Ego

One of the three divisions of the psyche in psychoanalytic theory, ego is the part of human personality that moderates primitive impulses (id) with reality to produce appropriate behavior.

Sigmund Freud (1856–1939) believed that human personality has three components: the id, the ego and the superego. In his scheme, the id is impulsive and needdriven. The id, like an infant, demands immediate action for basic needs such as eating, drinking, and eliminating waste without regard to consequences or social norms. The ego is that portion of the personality that imposes realistic limitations on such behavior. The ego decides whether id-motivated behavior is appropriate, given the prevailing social and environmental conditions. If, for example, individuals with psychosis begin to eat out of the garbage, they may be responding to the demands of the id. Their ego may, according to Freud, no longer be functional. They may, through mental illness, have regressed to responding directly to the id.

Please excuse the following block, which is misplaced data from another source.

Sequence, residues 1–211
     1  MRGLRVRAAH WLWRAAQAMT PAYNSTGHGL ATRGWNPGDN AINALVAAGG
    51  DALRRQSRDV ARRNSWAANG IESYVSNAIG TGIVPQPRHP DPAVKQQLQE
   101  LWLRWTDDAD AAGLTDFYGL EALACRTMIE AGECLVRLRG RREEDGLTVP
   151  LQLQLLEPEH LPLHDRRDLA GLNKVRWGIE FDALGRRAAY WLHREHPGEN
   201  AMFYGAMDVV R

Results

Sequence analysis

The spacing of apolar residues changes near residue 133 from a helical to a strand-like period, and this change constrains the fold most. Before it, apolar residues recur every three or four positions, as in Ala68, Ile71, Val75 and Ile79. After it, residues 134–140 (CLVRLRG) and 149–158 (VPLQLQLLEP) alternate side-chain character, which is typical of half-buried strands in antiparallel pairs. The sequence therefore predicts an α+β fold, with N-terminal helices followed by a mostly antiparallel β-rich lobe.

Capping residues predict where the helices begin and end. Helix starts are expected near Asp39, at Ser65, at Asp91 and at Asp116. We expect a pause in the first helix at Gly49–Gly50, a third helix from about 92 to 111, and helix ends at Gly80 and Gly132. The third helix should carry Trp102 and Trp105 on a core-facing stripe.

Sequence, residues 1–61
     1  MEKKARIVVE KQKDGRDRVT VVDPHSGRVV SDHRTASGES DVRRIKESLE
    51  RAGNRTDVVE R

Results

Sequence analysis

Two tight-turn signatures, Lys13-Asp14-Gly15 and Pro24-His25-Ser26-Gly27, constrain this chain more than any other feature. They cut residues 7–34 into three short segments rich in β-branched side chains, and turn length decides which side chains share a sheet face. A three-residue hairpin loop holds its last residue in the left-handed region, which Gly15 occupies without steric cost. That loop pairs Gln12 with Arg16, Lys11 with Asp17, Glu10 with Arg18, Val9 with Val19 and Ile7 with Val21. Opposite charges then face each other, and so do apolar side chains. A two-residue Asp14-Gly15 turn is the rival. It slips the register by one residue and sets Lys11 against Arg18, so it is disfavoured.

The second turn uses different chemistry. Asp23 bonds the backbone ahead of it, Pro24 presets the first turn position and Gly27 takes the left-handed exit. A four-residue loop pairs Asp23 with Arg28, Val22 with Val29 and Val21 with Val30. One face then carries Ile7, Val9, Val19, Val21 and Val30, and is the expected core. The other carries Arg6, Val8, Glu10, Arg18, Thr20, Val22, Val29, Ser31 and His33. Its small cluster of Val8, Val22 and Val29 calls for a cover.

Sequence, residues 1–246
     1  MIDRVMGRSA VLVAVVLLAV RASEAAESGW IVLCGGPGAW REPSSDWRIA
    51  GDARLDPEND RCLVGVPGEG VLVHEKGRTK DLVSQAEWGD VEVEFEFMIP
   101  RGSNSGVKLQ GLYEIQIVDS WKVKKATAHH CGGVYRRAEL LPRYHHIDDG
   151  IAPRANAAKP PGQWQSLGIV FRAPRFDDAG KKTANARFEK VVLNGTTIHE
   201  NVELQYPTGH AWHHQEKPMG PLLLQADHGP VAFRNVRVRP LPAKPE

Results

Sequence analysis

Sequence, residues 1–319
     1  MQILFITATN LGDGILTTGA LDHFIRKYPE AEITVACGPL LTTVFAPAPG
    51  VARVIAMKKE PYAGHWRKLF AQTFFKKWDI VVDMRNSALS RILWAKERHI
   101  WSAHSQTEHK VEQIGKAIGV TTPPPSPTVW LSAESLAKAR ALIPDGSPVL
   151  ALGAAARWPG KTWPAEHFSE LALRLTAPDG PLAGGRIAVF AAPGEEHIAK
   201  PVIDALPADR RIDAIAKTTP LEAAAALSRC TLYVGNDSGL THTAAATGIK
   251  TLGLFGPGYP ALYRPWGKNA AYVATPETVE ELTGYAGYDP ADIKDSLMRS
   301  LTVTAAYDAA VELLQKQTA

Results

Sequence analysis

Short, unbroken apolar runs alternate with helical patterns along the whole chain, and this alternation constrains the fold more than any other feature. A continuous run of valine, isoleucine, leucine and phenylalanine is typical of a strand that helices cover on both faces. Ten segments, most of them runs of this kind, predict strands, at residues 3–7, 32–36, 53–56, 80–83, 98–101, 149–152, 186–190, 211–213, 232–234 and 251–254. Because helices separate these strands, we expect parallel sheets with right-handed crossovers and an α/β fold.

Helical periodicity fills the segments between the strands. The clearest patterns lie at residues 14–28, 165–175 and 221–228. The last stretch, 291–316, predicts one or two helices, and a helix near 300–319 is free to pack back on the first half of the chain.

While the id operates on the pleasure principle, the ego uses the reality principle to determine whether to satisfy or delay fulfilling the id's demands. The ego considers the consequences of actions to modify the powerful drives of the id. A person's own concept of what is acceptable determines the ego's decisions. The ego also must negotiate with the superego (conscience) in the difficult battle between the id's drives and a person's sense of right and wrong. Repression and anxiety result when the ego consistently overrides the id's extreme demands. The superego, the conscience, is often thought of as the internalization of parental and cultural pressures. A powerful superego can cause paralysis, just as a powerful id can cause impulsive need-driven behavior. Ideally, the ego in each person successfully moderates between these other two parts of the self.

See also Freud, Sigmund; Id ; Superego .

Resources

BOOKS

Freud, Sigmund, and James Strachey. The Ego and the Id. New York: Norton, 1989.

Hall, Calvin S. A Primer of Freudian Psychology. New York: Meridian, 1999.

Zimbardo, Philip G. Psychology and Life, 12th ed. Glenview, IL: Scott, Foresman, 1988.